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Heavy metals: impacts and future effects on the forest

Laure Gandois (CNRS) takes the floor

What impact do heavy metals have on the forest? What does the future have in store?

Summary

Atmospheric contamination by trace metals

Trace metals (TMEs) are elements originating from the Earth's crust that are found in minute concentrations in the natural environment. They can be dispersed into the atmosphere through a number of natural processes such as forest fires, volcanic eruptions or marine aerosol emissions. However, since ancient times, man has also contributed to their dispersal by exploiting metals for industrial activities. This anthropic influence exploded in the 20th century in the northern hemisphere with the Industrial Revolution and the development of mechanised transportation. Natural TME cycles were altered at the global scale and their dispersal into the atmosphere over long distances contaminated areas that would normally have been free of this type of pollution.

Today, cadmium and lead emissions are decreasing in Europe, in particular thanks to the 2000 ban on lead additives in petrol and to improved industrial emissions-reduction techniques. This may not be the case for all metals, however. Some emissions, for example copper and nickel, seem to have stabilised while others are increasing (antimony, for example). Furthermore, though emissions are mostly decreasing in Europe, they are globally increasing at the planetary scale due to industrial development in Asia.

Monitoring atmospheric deposits

The EMEP Programme monitors and assesses the extent of long-distance TME atmospheric deposits in Europe. Deposition models are built from measurements taken at sites throughout the territory. In France, only two stations are equipped to monitor TME atmospheric deposits and both are part of the MERA Network. However, the BRAMM Network, which classifies mosses as TME bio-accumulators, covers the entire territory with its 528 sampling sites. Whenever possible, BRAMM sites are set up near RENECOFOR sites. This proximity makes it possible to compare mosses and lichens to evaluate their role as bio-indicators of TME deposits and to study how forest cover influences the recording of these deposits.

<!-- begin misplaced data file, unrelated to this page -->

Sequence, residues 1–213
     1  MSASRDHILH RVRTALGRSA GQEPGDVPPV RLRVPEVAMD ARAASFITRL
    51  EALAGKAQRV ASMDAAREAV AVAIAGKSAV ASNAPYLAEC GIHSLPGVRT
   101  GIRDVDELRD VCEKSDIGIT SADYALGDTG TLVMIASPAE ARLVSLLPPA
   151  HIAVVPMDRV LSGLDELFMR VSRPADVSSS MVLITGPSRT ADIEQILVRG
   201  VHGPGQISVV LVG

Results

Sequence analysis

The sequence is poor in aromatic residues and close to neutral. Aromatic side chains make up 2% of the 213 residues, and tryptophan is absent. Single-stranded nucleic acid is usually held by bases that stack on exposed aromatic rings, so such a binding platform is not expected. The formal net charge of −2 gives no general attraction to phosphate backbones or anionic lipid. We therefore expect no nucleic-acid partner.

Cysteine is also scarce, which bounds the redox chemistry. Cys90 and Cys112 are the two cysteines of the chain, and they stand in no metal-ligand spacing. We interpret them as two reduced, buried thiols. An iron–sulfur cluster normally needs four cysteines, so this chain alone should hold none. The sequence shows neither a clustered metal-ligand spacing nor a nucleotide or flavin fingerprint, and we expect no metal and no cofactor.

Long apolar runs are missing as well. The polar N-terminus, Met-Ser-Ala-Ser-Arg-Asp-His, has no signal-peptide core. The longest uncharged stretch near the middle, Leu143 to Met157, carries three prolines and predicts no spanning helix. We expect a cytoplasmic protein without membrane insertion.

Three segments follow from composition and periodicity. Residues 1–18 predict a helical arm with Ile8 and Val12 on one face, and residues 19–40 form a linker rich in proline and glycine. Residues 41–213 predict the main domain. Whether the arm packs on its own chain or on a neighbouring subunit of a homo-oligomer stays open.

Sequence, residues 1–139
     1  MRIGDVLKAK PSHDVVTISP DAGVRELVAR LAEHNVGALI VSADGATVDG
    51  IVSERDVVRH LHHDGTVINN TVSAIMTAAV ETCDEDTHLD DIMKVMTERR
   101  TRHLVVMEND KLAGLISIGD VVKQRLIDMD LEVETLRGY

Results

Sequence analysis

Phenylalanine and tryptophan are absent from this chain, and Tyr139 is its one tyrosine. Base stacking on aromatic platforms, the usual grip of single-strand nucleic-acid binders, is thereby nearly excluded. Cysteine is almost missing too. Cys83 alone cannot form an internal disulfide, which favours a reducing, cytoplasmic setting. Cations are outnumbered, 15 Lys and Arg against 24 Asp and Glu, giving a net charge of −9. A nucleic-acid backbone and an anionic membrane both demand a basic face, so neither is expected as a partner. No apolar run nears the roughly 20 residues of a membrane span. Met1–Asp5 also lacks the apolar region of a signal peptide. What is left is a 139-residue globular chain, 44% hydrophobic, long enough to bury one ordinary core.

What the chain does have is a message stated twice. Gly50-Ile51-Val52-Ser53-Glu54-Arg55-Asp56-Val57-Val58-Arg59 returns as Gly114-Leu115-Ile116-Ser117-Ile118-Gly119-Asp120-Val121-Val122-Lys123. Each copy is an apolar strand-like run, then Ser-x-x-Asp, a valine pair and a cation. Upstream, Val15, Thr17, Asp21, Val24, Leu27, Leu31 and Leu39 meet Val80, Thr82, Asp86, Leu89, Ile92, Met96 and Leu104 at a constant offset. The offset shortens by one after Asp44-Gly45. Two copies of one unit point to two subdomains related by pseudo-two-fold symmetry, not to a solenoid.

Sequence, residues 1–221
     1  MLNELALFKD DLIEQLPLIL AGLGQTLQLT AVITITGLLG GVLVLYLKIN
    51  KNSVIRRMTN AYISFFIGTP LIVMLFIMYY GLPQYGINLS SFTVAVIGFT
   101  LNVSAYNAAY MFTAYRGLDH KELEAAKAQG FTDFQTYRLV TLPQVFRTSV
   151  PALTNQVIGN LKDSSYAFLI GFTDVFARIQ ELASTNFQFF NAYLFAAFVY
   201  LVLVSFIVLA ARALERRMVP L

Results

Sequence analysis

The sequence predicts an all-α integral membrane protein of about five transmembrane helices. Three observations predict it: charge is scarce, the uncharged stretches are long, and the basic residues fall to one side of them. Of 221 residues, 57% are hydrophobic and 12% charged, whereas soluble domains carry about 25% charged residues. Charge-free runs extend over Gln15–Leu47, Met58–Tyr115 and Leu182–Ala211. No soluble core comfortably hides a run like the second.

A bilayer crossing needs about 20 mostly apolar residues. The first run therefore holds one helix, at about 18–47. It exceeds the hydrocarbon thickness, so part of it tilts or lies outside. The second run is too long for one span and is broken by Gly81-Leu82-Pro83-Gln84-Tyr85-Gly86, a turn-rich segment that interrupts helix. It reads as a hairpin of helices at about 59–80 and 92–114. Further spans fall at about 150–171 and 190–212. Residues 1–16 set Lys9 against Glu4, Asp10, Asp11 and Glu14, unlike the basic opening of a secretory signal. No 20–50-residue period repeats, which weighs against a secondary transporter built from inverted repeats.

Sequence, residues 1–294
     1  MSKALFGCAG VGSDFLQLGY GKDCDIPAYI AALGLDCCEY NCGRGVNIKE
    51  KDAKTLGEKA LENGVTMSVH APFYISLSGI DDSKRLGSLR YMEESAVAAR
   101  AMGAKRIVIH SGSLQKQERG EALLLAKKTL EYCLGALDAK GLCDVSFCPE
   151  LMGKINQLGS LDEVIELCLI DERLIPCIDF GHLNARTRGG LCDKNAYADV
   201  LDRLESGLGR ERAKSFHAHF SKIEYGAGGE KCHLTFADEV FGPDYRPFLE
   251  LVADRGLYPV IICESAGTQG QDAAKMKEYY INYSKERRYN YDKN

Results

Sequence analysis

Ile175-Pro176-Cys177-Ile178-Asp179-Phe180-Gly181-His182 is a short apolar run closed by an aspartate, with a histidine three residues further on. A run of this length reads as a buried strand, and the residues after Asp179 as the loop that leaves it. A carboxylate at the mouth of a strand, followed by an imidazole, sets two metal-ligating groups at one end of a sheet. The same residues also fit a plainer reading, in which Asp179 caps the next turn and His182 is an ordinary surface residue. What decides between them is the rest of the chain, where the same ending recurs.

Indeed, forests are particularly sensitive to atmospheric pollution by metals. The canopy acts as an exchange surface for reactions with TMEs. Dry deposits accumulate there. The exudation of organic molecules through the canopy leaves can totally or partially dissolve this dry deposit, which can then create a solution with rainwater or other forms of precipitation. The canopy can also assimilate the elements, whether they are deposited in dry or wet form. These processes change the TME flux reaching the forest floor. Thanks to the CATAENAT Network, this effect can be directly observed by comparing deposit data recorded in the open air and under forest cover. For example, on average lead fluxes are five times as heavy under forest cover, while zinc fluxes are halved.

Metal dynamics in forest ecosystems

What happens to TMEs in the forest depends on which ecosystem compartment they are transferred to (soil, water, vegetation) - as shown in the figure below. Their mobility is linked at least partially to their potential role in the biosphere (some are important micro-nutrients like copper, cobalt, chromium, nickel or zinc; others like antimony, cadmium or lead play no known biological role). Their chemical properties also influence their mobility. In particular, their affinity with organic matter (both solid and dissolved) and their pH sensitivity control to a large extent how they are transferred within the soil layers and into the biosphere, and whether or not they accumulate in the forest soil. On an acidic plot, like SP 57 for example, trace metals will not accumulate in the soils because they will dissolve and be carried away in the water runoff whereas on a plot with base soils, like SP11, they will tend to accumulate.

Flow diagram of ETM in forest ecosystems. The balance sheet for the soil compartment is the result of the inflow (atmospheric input, litter fall, weathering) and output (drainage, export by vegetation). On the right: this report is presented for
Flow diagram of ETM in forest ecosystems. The balance sheet for the soil compartment is the result of the inflow (atmospheric input, litter fall, weathering) and output (drainage, export by vegetation). On the right: this report is presented for two plots RENECOFOR, SP 57 and SP 11. Cd: cadmium; Cu: copper; Cr: chromium; Ni: nickel; Pb: lead © Laure Gandois / CNRS

The impact of metals on forest ecosystems

Soil analyses on the RENECOFOR plots reveal the presence of metals dispersed through human activity, notably in eastern and northern France. However, contamination levels remain low. Current TME atmospheric deposits in French forests are moderate, and are representative of long-distance deposit levels in rural Europe. Most are of anthropic origin, but remain below critical charge thresholds - the maximum admissible quantities an ecosystem can support, according to current knowledge.

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